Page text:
Observations on the Bus Corridor in Delhi

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By Dario Hidalgo, Ph.D., Senior Transport Engineer, EMBARQ

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Observations on the Bus Corridor in Delhi

  1. 1. OBSERVATIONS ON THE BUS CORRIDOR IN DELHI Dario Hidalgo, PhD EMBARQ, The WRI Center for Sustainable Transport Submitted to the Center of Science and the Environment Delhi, India, February 2009
  2. 2. Contents <ul><li>Key Questions About the Corridor </li></ul><ul><li>Delhi Bus Corridor Observations </li></ul><ul><li>Recommendations for Existing Corridor </li></ul>
  3. 3. <ul><li>Has the bus corridor improved the travel conditions in the corridor? </li></ul><ul><li>Are the strategies to reduce motor vehicle congestion effective? </li></ul><ul><li>Would curbside bus lanes would work better than median bus lanes? </li></ul>
  4. 4. <ul><li>Has the bus corridor improved the travel conditions in the corridor? </li></ul>
  5. 5. Chirag Delhi Junction Morning Peak Hour AK to MC 4,916 Vehicles 11,480 People Source: DIMTS, IIT Delhi, 2008 You get different answers depending on your priorities – moving vehicles vs. moving people
  6. 6. Calculation based on Webster’s Delay Formula for Signalized Intersections One Leg Chirag Delhi Junction Morning Peak Hour AK to MC 53.0 Vehicle-Hours 164.8 Person-Hours
  7. 7. The Bus Corridor has reduced the average travel time 4,626 3,726
  8. 8. <ul><li>Are the strategies to reduce motor vehicle congestion effective? </li></ul>
  9. 9. Increasing the Signal Cycle increases the waiting time for all users – biggest impact to the bus commuters (55% of the people)
  10. 10. <ul><li>Would curbside bus lanes would work better than median bus lanes? </li></ul>
  11. 11. Curbside bus lanes <ul><li>Left turns are usually higher than right turns (left turns along the stretch, right turns only at the junction) </li></ul><ul><li>Encroachment: hawkers, taxis, auto-rickshaws, </li></ul><ul><li>Punctures (e.g. every 114 m on the left hand side and 134 m on right hand side on the extension of the pilot corridor, Source IIT Delhi, Feb 2009) </li></ul><ul><li>Breakdown vehicles </li></ul><ul><li>More difficult to enforce </li></ul><ul><li>Painted lanes do not ensure compliance </li></ul>The difference in commercial speed between median lanes and curbside lanes is 5-7 km/hour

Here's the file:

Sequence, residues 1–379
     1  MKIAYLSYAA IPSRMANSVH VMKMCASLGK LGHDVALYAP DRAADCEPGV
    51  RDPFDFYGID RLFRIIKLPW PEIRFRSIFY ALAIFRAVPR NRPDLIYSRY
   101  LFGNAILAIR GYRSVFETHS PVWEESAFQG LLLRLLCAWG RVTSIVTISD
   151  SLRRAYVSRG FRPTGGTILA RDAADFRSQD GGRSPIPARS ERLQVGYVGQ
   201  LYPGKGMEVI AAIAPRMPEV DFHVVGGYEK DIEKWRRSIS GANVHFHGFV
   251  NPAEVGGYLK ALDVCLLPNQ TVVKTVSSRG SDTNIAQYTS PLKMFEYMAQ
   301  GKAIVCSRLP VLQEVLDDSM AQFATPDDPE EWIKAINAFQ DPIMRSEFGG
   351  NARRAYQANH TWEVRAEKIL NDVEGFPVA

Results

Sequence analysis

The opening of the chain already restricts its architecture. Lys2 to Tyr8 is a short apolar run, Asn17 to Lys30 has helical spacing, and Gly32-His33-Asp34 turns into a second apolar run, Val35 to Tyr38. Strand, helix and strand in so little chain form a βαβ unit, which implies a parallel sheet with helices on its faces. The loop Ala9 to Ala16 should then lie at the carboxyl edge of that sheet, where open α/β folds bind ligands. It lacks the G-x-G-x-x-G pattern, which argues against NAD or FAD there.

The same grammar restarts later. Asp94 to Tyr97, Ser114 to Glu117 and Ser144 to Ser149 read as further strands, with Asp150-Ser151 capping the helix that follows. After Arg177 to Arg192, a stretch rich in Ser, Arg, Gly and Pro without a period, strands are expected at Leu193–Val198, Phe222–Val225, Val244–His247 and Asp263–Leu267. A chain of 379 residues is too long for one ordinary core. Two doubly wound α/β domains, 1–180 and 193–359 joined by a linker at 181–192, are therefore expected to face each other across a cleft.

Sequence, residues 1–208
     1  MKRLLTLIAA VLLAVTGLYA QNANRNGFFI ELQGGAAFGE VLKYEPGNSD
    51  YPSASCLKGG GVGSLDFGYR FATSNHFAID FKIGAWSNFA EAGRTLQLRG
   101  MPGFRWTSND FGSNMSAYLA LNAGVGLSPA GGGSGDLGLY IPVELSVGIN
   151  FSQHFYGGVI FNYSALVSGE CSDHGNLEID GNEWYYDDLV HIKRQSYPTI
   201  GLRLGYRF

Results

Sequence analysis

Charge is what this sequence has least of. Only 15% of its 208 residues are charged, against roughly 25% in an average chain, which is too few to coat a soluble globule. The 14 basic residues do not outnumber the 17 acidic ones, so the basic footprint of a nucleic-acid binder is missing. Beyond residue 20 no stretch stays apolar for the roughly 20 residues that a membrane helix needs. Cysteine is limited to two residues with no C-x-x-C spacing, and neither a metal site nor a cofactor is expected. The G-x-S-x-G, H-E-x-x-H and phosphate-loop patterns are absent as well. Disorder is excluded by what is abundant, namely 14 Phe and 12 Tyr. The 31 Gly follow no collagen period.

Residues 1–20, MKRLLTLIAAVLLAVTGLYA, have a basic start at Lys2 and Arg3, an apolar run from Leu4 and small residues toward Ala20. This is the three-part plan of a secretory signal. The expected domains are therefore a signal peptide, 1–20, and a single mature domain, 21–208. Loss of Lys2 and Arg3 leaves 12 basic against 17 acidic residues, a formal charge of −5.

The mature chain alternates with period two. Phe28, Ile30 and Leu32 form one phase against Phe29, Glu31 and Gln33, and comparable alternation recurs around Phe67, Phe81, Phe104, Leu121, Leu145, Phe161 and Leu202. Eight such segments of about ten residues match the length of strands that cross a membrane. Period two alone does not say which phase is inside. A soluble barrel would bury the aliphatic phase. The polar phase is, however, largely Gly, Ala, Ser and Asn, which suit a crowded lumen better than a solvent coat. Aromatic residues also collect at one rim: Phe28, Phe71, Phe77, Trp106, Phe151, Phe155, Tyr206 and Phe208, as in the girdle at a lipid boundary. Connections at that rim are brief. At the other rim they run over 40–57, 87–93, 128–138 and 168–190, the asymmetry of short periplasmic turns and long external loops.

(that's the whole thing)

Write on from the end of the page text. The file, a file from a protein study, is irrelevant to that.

12. 12. Curbside Lanes Santiago, Chile, April 2008
  13. 13. Curbside Lanes Santiago, Chile, April 2008
  14. 14. Curbside lanes increase the average travel time for bus commuters and cost of operations for the transit providers 15 Km Corridor – 6 Km pilot, 9 Km with alternatives
  15. 15. What is a Bus Rapid Transit system? “ Is a flexible, rubber-tired form of rapid transit that combines stations, vehicles, services, running ways and ITS elements into an integrated system with strong identity” TCRP Report 90 – Bus Rapid Transit – Volume 2: Implementation Guidelines 2003 “ It is a high quality public transport system, oriented to the user that offers fast, comfortable and low cost urban mobility” BRT Planning Guide – ITDP GTZ, 2007
  16. 16. Photo: Madhav Pai, EMBARQ Delhi Bus Corridor (2008)
  17. 17. Delhi Bus Corridor <ul><li>Initial Operation: April 2008 </li></ul><ul><li>Length: 5.6 Km </li></ul><ul><li>Stations: 9 </li></ul><ul><li>Ridership: Total N/A; </li></ul><ul><li>Peak 6,500 passenger/hr/direction </li></ul><ul><li>Frequency: 120 buses/hr </li></ul><ul><li>Commercial Speed </li></ul><ul><li>Peak Hour & Direction: In corridor: 16-19 Km/hr </li></ul><ul><li>Off corridor: 7-11 Km/hr </li></ul><ul><li>Operational Productivity: ? passengers/bus-km (4.8 citywide DTC) </li></ul><ul><li>Capital Productivity: ? passengers/bus/day (848 citywide DTC) </li></ul><ul><li>Investment Infrastructure: Rs 14 crores/km (3 million/km) </li></ul><ul><li>Cost per Passenger: ? </li></ul><ul><li>Average User Fare: Rs 1/km Rs 3.87 per passenger citywide DTC (USD 0.08) </li></ul>Source: Interviews February 2008
  18. 18. Photo By: Madhav Pai, EMBARQ/WRI April 26 th , 2008 Photo By: Madhav Pai, EMBARQ/WRI April 26 th , 2008 @ Ambedkar Marg & Mehrauli Badarpur Road Junction Bus priority at junction
  19. 19. <ul><li>The usage of the active transport facilities is very high </li></ul><ul><ul><li>1,129 bicycles/hour peak period South North at Junction </li></ul></ul><ul><ul><li>Pedestrian: not available </li></ul></ul><ul><li>Pedestrian and cyclists have expressed high level of satisfaction with the new facilities </li></ul><ul><li>Temporary solutions for congestion relief are compromising the concept of segregated facilities for active transport. New space is required to reduce conflicts </li></ul><ul><li>This report concentrates on the bus corridor </li></ul>The bus corridor also includes the construction of segregated facilities for pedestrians and bicycles for the first time in Delhi
  20. 20. Summary Commercial Speed
  21. 21. Summary Performance